Heading out of Loreto across the coastal plain peppered with beautiful beaches, you pass through a region of dry, knobbly hills which support a smattering of drought-resistant plants as well as the ubiquitous cactus. The undulating road here is paved and in good condition. You might decide to stop off for a swim at El Requison Bay, just short of the town Buenaventura, and continue on to Mulegé which has a Jesuit mission dating back to 1703. One of Baja’s stunningly attractive oases, Mulegé has a view point over Santo Rosalia river which is lush and planted with citrus trees and date palms. The hilltop mission is worth a visit.
Further north is the port Santa Rosalia, built to export copper from the now exhausted mines (you can see abandoned mine paraphernalia scattered around) and now surviving on fishing. It has a central church constructed with the help of Eiffel (of Eiffel tower fame) and, unusually, houses built in French Caribbean style.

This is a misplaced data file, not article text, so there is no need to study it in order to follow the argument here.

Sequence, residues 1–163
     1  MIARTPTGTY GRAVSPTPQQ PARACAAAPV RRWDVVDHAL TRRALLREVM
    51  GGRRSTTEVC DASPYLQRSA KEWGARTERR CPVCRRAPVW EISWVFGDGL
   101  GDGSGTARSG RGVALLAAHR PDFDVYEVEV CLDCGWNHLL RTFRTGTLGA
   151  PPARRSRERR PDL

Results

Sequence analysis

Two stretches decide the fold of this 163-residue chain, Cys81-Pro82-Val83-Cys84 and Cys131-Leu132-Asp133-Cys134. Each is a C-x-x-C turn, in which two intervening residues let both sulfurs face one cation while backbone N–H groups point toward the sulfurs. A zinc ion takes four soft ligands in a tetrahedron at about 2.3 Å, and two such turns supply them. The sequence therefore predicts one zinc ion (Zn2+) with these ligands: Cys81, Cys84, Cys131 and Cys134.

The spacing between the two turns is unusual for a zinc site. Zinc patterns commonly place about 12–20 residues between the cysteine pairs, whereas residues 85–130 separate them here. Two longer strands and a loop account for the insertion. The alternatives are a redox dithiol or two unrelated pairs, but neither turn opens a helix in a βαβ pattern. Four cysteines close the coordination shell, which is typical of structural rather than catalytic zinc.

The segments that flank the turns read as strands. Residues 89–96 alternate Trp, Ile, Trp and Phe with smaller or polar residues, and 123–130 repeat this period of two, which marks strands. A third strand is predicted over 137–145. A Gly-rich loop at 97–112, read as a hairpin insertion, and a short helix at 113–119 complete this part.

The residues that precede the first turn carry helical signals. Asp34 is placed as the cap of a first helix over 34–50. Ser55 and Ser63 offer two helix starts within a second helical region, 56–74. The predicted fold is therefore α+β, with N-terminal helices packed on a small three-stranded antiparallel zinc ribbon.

Approaching the Vizcaino Reserve, a scalding caldron of desert heat, you’ll be exposed to uncompromising desert all the way until suddenly you hit on San Ignacio, by contrast a lush green and shady place filled with date groves. The town hosts a clutch of Baja’s rare thatched colonial buildings, painted in pastel colours, bedecked with bougainvillea and sheltered by laurel trees. The striking mission here, completed by Dominicans in 1786, is probably the most ornate and interesting in Baja.
If you drive without stops it will take around 3.5hrs to cover the distance (272km) but we are sure you will want to park up to enjoy some of the places of interest en route.